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Delmar Calaboose
Delmar Calaboose.JPG
Location 520 Vane St.
Delmar, Iowa
Area less than one acre
Built 1878
Built by A.T. Phillips
Architectural style Vernacular
NRHP reference No. 81000231
Added to NRHP March 19, 1981

Delmar Calaboose is a historic one-room jail located in Delmar, Iowa, United States. The word calaboose is a corruption of the Spanish word calabozo, which means dungeon. The building was built for and used as a jail in frontier Iowa. The walls and roof of the one-story structure are composed of limestone and mortar. It was listed on the National Register of Historic Places in 1981.

History

When the Davenport, St. Paul and Midland railroad was being built the town of Delmar had yet to be incorporated, but it had a prosperous liquor trade serving the construction workers. It had become such a problem by the time the town incorporated in 1876 that the town council increased the licensing fees on liquor dealers and saloon keepers to regulate the trade. The plan did not work as those in the liquor trade refused to buy the licenses. Other citizens in Delmar demanded the construction of a town jail. A committee was established in March 1877 to study the possibility, and they recommended that the old school building be used for a jail. It is not known if the plan was ever carried out, but by early 1878 there was a strong desire to build a new jail. Another committee was formed in April of that year to recommend a site and plan a new building. By early summer property on Vane Street was purchased for $50 and the council approved plans for a stone structure. A.T. Phillips, a local builder, submitted the low bid of $175 and construction began immediately. The calaboose was completed in early October 1878 and the town took possession of it. The small jail is the oldest extant public building in Delmar, and the town would use it well into the twentieth century. Similar structures are throughout the United States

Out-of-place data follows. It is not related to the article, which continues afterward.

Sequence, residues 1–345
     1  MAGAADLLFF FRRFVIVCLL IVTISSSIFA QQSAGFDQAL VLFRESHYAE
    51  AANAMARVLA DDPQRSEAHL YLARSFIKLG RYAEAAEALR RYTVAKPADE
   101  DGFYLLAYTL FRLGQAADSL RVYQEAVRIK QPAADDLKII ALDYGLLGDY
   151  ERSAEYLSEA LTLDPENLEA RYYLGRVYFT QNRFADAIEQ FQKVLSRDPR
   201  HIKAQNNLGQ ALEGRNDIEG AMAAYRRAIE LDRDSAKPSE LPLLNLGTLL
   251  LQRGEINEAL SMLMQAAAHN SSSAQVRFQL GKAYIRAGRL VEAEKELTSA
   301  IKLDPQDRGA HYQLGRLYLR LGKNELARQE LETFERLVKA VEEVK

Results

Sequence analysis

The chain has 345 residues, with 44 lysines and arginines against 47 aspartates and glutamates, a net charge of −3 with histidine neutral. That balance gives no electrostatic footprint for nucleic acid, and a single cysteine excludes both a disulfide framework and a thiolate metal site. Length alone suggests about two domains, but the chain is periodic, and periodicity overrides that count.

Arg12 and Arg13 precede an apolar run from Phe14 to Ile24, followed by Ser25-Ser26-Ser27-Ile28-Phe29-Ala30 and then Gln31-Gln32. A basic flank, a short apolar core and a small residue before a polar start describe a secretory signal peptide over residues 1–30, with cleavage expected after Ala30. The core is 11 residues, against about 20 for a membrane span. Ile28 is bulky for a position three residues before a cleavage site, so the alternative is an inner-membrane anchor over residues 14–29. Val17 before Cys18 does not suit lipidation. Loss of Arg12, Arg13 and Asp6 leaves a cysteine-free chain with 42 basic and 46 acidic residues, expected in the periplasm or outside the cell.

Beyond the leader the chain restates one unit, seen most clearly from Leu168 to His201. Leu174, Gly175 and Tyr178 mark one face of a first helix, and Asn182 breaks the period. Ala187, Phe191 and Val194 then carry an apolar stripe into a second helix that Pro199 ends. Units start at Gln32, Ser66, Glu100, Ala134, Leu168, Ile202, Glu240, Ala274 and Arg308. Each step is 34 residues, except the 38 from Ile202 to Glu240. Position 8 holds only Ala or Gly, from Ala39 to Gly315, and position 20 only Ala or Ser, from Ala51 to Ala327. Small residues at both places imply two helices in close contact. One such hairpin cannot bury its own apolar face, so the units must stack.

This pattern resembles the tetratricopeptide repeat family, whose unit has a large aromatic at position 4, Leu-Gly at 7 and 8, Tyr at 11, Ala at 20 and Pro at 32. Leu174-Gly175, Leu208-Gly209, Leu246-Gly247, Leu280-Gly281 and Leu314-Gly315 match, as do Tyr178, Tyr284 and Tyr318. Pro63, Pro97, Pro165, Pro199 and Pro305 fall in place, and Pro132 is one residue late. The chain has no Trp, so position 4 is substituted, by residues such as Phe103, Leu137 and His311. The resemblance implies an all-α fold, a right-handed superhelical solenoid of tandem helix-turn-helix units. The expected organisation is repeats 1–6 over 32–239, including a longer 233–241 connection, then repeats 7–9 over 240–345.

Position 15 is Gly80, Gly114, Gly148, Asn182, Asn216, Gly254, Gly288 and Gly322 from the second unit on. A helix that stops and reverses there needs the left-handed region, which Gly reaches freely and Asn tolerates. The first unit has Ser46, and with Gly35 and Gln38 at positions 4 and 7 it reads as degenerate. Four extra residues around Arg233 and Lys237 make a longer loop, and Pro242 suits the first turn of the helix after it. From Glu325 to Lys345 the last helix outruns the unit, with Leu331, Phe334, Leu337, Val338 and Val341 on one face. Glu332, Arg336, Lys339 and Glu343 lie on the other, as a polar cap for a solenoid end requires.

Architecture

The calaboose is a 10-by-12-foot (3.0 by 3.7 m) structure. The vaulted concrete roof is 8 feet (2.4 m) high. The walls of locally quarried sandstone are 2 feet (0.61 m) thick. Narrow window slits with grated openings are located on the east and west elevations of the building. The main entrance into the structure is a heavy cast iron door with strap hinges and a grated opening located on the south elevation. The interior is a single room that is sheathed in plaster without ornamentation. The furnishings include a stove, folding cot, bureau, table, and chair that appear to be from the early twentieth century.

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